Workers’ Republic, 27 August 1898.
Reprinted in Red Banner, No.13.
Transcribed by Aindrias Ó Cathasaigh.
Marked up by Einde O’Callaghan for the Marxists’ Internet Archive.
Walk up, walk up. Here you are, here you are, the greatest show on earth. An unrivalled and unsurpassable collection of political monstrosities, journalistic fakirs, ‘patriotic’ slum owners, parliamentarian contortionists, et hoc genus omne.
The last few words are Latin. I sling them in here promiscuous like, just to show off my accomplishments, and impress the reader.
Nothing impresses the reader so much as what he does not understand. That is why we have so long admired the Home Rule leaders. They but needed to open their mouths and talk, and talk, and talk, and still to talk, and the more they talked the less we understood, and consequently the more we admired them.
We just stood around them with our mouths open like a Malahide codfish waiting for the tide to come in –
And gazed and gazed, and still the wonder grew
But at last we got tired of waiting and gazing, and began to think, and the result of our thinking has been a little surprising to ourselves and will be, ere long, somewhat disastrous to somebody else.
I have been informed by some candid friends that my strictures on certain leading lights in Irish politics are too extreme, that we should be more moderate and not run full tilt against so many people.
I admit the soft impeachment. We are somewhat extreme. If we examine the positions of those who have already come under the lash of the Workers’ Republic, we will find that the writers in this paper are indeed at the extremest possible point removed from the position of those we criticise.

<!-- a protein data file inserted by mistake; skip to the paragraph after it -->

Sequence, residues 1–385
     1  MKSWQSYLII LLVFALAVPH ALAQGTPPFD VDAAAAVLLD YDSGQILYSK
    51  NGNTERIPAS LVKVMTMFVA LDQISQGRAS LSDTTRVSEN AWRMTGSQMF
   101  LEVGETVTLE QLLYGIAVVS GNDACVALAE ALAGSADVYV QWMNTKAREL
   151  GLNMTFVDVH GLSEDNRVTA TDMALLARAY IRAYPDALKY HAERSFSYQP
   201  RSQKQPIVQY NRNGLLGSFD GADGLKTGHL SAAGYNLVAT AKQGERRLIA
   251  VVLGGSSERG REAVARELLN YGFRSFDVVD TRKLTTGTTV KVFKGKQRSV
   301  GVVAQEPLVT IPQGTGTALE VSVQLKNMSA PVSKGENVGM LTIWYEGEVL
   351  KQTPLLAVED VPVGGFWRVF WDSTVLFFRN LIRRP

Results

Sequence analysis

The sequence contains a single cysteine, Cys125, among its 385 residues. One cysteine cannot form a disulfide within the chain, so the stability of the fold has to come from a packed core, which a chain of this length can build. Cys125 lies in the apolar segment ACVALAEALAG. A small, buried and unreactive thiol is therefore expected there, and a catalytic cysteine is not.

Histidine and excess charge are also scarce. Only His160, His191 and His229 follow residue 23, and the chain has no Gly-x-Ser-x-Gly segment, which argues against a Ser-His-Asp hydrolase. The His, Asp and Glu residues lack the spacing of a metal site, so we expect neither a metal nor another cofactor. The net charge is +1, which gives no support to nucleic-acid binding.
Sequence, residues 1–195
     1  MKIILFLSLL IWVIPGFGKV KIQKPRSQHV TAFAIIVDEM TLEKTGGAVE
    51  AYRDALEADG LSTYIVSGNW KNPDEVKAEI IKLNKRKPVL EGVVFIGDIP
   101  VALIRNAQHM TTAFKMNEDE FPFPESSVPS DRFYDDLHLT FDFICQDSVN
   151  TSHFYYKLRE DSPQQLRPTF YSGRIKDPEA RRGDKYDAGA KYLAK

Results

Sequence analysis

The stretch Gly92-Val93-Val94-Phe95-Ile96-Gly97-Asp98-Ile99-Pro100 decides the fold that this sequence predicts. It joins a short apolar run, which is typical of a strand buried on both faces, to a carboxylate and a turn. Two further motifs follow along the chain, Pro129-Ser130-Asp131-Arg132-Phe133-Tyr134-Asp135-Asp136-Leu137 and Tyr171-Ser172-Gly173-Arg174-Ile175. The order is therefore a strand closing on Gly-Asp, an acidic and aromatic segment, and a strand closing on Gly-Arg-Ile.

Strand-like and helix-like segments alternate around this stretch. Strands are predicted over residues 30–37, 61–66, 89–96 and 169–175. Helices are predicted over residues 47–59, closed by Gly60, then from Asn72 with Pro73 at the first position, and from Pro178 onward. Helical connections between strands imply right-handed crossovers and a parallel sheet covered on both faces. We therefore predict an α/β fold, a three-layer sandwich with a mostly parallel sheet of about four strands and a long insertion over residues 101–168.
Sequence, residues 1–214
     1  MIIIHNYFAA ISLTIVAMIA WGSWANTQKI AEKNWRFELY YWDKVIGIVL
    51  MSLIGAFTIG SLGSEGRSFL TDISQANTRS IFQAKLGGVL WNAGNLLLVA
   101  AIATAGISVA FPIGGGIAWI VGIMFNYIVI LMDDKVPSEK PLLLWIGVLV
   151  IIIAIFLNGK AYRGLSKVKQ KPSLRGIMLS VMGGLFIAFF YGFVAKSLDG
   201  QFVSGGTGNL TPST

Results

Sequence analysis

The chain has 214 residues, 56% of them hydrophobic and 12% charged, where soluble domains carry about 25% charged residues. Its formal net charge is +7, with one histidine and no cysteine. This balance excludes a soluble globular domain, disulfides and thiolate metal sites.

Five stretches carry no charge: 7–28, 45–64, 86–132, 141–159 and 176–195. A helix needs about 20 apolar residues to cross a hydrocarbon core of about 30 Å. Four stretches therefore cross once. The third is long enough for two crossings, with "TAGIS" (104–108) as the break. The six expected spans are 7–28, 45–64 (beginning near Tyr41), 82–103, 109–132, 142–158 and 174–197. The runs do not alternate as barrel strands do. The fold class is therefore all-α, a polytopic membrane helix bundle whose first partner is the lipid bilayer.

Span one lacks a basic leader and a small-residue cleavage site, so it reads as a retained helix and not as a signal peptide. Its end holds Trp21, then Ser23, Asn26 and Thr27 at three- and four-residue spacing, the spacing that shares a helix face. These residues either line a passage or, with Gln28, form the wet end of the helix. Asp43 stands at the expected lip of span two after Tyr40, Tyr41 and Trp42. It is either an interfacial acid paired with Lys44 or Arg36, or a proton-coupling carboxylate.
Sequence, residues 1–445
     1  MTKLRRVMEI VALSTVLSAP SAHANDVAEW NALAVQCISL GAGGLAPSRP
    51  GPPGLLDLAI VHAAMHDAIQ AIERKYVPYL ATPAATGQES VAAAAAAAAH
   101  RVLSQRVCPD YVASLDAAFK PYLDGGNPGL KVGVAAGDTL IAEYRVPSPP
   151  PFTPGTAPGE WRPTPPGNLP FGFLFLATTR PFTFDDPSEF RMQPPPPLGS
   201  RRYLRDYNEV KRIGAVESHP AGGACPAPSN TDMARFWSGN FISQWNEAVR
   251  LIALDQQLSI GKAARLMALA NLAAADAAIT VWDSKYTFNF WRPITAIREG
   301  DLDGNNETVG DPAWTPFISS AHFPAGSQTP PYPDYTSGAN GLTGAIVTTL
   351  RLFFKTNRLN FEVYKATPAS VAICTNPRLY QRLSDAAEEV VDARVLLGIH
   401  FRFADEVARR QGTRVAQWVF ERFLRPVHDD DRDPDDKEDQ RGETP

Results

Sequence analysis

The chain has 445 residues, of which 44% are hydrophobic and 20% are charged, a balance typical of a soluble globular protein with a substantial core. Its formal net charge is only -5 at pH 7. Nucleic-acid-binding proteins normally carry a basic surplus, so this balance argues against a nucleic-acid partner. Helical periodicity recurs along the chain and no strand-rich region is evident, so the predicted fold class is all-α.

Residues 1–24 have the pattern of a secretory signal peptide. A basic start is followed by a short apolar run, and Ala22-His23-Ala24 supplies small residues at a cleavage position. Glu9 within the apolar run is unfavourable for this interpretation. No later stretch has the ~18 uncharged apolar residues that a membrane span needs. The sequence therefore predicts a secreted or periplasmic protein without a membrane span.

We are extreme. Like the man who would preach honesty among thieves or truthfulness among lawyers, we are extreme when we would insist upon consistency among politicians, or honour among journalists.
We are extreme. As the man who, upon taking his son to initiate him into the mysteries of Donnybrook Fair, gave him as his sole rule of conduct, “Whenever you see a head, hit it,” we only know one maxim whereby our public action should be guided, “wherever you see a lie expose it, crush it, stamp it out of existence, even although it came issuing softly from the lips or embodied in the actions of he who had been your greatest hero.”
We attack no one whose actions do not deserve to be attacked. The best proof of this lies in the fact that no one has yet been able to contradict a single assertion we have made.
But come along to the next caravan and see our unique collection of Home Rule editors, watch the antics of these gay and festive animals, imported at immense cost from the fertile soil of Flunkeydom.
Here you are, gentlemen. Observe the playful gyrations of these ‘leaders of public opinion’ and say have we not reason to be proud of their abilities.
On the 15th August, 1898, there was held at the Mansion House, Dublin, a Banquet in commemoration of the patriotic efforts of Wolfe Tone and the United Irishmen. Toasts were drank and Nationalist speeches made in accordance with the spirit of the commemoration. Amongst those present were the editors of the Independent, Freeman and Nation.
On Saturday, 20th August, 1898, there was held a Banquet in connection with the Health Congress in Dublin. The toasts drank included the health of Her Most Gracious Majesty the Queen, the Army, Navy and Police. Amongst those present were (uncompromising patriots) the editors of the Independent, Freeman and Nation.
They drank the health of Her Most Gracious Majesty. And every drink cost as much as would have fed for a day some of the starving Irish families under the rule of Her Majesty. They toasted the British Army, our gallant defenders who on the morrow would cut our throats if their masters, the British governing class, ordered them so to do. They toasted the Navy – because it supplies the gunboats which enable our Irish landlords to send their evicting parties to the islands off our coasts and so exterminate the inhabitants. They toasted the police, because they are Irishmen who have sold themselves into the service of our oppressors, and so perpetuate what Diarmuid McMurchadh began. 
And they are all honourable men, most honourable men.